Tuesday, February 14, 2017

Salim Kikeke Biography, Profile, age, Wife, Tribe, Instagram, History & Photos.

SALIM KIKEKE
Who is Salim Kikeke?
I am a single father of one. I was born and brought up in Tanzania but I am now based in London. I have a 13-year-old daughter. For the last ten years, I have been working with the BBC World Service and I love my job. I think I will be doing the same thing in the next ten years. Currently, I am a producer and presenter of Dira ya Dunia, a news magazine that is aired in Kiswahili across East Africa and Central Africa.

How has your career journey been?
It has been bumpy. To begin with, I loved journalism, but my father influenced me to pursue a career in agriculture. However, my dream of becoming a journalist remained. I remember I would write stories about anything and would read them loudly, pretending I was in a studio.

I was jobless for three years after graduating with my Diploma in Irrigation Engineering. This pushed me to settle for menial jobs. In 1995, I found myself working at a mine in Tanzania, one of the hardest and roughest times of my life. Being a miner is not easy. You can imagine digging a dusty terrain for hours on end and not finding the elusive precious stone. It meant not getting paid that day. I couldn’t bare the suffering anymore. I quit and moved back to Dar-es-Salaam.

What happened after that?
For a whole year, I would dress in my best clothes and walk to the city to hunt for job. I was not successful and finally decided to switch and pursue journalism. So in 1997, I joined Tanzania School of Journalism with my parents’ support. I was determined to achieve my childhood dream — to be a journalist at BBC. I wrote stories on anything that was happening in and around school, and posted my articles on the noticeboard.

Besides BBC, where else have you worked?
My first job was at Radio Tanzania as a scriptwriter. For a whole year, I was not allowed to touch a microphone. I literally saw the studio through the windows. However, Radio Tanzania nurtured and moulded me to who I am today.

When did you get your first show?
At the end of 1998, I managed to get my own show and doubled up as a producer and a presenter of the musical show. I remember my boss insisting that I do a script for the programme. To date, I never do anything without giving it a thought, because the audience is the king in this business and you must satisfy them.

After Radio Tanzania, I joined Channel 10 where I presented both in English and Kiswahili until 2001, then I moved to ITV, a Tanzanian TV station where I was an English presenter.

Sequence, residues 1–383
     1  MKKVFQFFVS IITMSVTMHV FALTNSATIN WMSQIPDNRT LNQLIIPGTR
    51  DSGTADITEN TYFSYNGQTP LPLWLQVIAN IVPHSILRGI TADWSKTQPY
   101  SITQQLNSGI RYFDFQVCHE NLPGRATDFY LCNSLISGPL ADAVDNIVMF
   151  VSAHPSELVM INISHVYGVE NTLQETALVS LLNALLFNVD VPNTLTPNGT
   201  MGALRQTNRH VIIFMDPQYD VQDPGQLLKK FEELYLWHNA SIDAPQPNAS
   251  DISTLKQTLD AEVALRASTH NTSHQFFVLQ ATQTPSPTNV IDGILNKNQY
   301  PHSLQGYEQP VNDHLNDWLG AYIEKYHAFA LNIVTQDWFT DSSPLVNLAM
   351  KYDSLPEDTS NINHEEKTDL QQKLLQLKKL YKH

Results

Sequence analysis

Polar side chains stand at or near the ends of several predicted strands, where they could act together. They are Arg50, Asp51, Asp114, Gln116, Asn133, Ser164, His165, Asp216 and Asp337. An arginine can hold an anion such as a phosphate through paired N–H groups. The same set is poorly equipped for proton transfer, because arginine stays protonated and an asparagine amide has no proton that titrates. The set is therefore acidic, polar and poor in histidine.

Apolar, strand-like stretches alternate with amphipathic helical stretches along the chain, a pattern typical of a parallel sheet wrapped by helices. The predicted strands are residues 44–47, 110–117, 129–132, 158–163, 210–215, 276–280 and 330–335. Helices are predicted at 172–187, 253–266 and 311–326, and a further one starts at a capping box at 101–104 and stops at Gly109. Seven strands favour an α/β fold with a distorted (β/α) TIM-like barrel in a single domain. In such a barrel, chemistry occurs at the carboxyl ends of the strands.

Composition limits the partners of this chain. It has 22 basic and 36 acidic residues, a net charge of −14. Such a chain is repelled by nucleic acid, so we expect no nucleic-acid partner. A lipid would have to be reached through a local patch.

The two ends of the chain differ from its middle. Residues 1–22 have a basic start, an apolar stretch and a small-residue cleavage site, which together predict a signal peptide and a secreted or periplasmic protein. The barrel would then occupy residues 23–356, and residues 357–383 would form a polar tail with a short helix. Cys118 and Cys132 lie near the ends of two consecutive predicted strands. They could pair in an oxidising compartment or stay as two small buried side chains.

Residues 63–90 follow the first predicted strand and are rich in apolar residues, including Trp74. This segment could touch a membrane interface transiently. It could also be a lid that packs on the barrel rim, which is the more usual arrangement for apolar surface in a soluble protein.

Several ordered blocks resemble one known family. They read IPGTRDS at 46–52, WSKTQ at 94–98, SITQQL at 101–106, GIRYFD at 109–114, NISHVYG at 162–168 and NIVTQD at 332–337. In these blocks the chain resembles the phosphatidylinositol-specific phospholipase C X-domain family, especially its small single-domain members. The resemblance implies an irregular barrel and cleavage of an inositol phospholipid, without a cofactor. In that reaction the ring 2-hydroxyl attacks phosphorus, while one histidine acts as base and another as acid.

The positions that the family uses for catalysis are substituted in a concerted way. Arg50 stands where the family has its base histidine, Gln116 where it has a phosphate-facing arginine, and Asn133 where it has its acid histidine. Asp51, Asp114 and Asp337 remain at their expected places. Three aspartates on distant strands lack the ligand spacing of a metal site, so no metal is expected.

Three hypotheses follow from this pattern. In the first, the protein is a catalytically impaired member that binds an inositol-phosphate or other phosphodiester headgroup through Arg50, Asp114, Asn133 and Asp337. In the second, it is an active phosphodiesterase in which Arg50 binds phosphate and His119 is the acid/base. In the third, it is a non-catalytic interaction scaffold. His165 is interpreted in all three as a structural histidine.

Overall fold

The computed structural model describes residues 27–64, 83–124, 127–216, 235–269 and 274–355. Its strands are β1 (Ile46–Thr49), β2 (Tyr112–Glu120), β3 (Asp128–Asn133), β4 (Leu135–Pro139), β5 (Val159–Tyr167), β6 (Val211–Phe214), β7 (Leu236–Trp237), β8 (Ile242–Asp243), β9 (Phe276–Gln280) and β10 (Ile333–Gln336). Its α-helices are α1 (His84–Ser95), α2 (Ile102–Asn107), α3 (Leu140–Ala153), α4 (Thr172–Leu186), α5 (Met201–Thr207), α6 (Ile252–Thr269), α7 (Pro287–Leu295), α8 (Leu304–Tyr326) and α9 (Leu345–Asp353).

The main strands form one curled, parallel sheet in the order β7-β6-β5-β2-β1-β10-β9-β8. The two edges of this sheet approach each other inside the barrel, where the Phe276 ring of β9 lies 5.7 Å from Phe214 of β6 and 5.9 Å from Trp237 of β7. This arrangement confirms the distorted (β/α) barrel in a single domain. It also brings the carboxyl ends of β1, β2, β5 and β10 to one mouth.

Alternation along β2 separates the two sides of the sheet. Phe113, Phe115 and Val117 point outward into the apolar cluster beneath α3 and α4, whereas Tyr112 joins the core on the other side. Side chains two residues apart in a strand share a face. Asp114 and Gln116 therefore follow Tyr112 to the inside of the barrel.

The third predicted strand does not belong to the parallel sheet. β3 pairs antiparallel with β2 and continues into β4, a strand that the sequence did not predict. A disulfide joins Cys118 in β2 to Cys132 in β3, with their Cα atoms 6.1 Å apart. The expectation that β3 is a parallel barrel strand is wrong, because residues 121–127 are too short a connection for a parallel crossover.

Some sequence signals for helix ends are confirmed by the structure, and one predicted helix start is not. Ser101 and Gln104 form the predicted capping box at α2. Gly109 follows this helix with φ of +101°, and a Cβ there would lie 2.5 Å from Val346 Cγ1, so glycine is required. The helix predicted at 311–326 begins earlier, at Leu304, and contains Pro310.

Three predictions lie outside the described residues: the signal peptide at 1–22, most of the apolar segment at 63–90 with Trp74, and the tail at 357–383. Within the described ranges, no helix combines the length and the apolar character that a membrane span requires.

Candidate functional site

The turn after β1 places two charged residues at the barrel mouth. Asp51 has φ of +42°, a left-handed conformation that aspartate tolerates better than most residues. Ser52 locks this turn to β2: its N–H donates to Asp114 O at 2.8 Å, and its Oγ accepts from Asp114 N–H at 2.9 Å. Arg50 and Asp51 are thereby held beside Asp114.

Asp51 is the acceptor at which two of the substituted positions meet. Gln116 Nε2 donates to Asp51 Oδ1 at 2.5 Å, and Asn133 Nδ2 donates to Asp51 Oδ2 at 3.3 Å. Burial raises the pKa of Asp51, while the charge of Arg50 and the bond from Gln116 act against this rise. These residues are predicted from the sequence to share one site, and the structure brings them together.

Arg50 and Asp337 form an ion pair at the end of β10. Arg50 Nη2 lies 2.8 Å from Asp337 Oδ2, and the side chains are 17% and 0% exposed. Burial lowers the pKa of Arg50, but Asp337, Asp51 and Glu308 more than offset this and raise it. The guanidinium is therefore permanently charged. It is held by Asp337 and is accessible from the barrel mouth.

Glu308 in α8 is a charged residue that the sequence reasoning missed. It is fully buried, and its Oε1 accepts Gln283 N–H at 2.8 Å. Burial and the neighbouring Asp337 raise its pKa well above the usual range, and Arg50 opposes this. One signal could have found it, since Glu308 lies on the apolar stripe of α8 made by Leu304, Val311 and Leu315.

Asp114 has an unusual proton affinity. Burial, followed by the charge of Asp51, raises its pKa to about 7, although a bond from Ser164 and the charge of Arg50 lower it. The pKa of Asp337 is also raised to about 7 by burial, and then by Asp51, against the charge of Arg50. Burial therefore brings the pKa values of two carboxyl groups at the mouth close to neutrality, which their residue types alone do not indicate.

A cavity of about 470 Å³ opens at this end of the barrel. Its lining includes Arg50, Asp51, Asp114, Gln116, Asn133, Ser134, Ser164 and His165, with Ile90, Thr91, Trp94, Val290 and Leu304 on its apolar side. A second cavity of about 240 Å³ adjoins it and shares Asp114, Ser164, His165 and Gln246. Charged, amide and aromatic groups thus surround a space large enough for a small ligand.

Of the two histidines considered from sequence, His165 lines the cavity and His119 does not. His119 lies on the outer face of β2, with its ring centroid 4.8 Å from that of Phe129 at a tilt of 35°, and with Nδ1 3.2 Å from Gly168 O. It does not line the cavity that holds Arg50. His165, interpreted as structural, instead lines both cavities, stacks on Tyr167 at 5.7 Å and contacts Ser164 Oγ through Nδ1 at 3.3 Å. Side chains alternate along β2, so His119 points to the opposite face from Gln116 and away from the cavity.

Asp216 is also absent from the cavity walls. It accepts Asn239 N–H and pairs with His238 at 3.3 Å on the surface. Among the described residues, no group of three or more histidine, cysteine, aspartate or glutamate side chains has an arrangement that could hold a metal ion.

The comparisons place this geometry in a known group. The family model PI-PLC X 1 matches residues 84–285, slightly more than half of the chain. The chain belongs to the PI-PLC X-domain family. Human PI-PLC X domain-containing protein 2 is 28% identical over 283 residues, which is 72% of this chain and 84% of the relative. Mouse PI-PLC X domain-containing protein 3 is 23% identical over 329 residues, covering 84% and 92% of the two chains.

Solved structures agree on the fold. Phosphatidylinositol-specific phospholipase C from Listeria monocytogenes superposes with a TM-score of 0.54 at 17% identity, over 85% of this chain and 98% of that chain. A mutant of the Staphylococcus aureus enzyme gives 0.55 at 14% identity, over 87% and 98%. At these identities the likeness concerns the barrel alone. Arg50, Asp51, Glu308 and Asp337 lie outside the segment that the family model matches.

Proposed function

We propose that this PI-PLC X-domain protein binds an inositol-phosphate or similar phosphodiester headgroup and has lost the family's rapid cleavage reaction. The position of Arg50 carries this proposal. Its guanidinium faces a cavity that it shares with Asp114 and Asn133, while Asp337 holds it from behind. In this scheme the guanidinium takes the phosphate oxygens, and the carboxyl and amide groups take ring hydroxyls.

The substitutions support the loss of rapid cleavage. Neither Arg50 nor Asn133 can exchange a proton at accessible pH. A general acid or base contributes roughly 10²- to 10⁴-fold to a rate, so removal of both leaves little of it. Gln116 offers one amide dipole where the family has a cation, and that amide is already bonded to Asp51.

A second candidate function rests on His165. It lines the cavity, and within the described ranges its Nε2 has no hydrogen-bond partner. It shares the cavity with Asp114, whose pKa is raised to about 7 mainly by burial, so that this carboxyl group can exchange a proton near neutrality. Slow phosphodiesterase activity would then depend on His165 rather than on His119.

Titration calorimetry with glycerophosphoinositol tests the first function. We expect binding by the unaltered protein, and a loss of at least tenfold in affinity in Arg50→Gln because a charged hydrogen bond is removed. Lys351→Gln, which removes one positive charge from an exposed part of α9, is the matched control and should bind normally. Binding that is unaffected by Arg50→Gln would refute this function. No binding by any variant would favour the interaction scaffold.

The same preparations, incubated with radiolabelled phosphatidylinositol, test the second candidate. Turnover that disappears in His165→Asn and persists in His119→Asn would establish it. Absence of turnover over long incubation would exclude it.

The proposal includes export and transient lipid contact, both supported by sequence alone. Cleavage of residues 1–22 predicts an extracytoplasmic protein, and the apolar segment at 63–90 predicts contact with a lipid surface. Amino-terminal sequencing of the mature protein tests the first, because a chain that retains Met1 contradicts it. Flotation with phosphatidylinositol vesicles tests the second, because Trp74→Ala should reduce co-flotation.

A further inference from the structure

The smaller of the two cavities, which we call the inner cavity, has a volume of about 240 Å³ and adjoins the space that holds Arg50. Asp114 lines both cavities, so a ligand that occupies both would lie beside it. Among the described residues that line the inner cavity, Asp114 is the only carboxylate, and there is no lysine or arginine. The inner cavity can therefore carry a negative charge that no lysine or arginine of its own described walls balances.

When was your big break?
It was in 2003 when I joined BBC Swahili as a producer and presenter based in London. I produced and presented Amka na BBC for three years. This was enriching. I loved and I still love my job. Working with BBC has been an exciting voyage and I have learnt a lot from experienced gurus like Gray Phombeah and Ali Saleh. They have mentored me.

Who are some of your famous interviewees?
I have interviewed presidents, prime ministers, pop stars, sports stars, artistes, writers and even rebel leaders.

What else do you do?
I love sports, especially football. Manchester United is my team. At BBC, I am a football commentator and summariser for the BBC Swahili weekend radio programme Ulimwengu wa Soka.

What are some of the key highlights in your career?

Everyday when I am on set is a key milestone. I try to be better than the day before. This has been my maxim in life. However, covering the 2008 USA elections and witnessing the first black president, Barack Obama — and for that matter an East African — winning an election, was inspiring.  I also covered the 2010 World Cup in South Africa, and I saw Africa rising. This was the first time such an event was held in Africa. I also covered the Westgate attack in September 2013 and it was very sad. I was also assigned to cover the elaborate funeral and burial ceremonies of my greatest role model — former South African President, Nelson Mandela.

What about your low moments?
The death of my mother in 2010 was a big blow. I lost my mum while covering the 2010 FIFA world Cup in South Africa.  Mum was my confidante, my number one fan and ‘my everything’. She believed in me. She always told me from a tender age that I was destined to be at BBC and here I am.

Family life.
I am not married yet but I have a 13 year-old daughter whom I adore. I love to hang out with her whenever I am free.

Your last words
Journalists are not celebrities. They have a noble duty to communicate important messages to the public.






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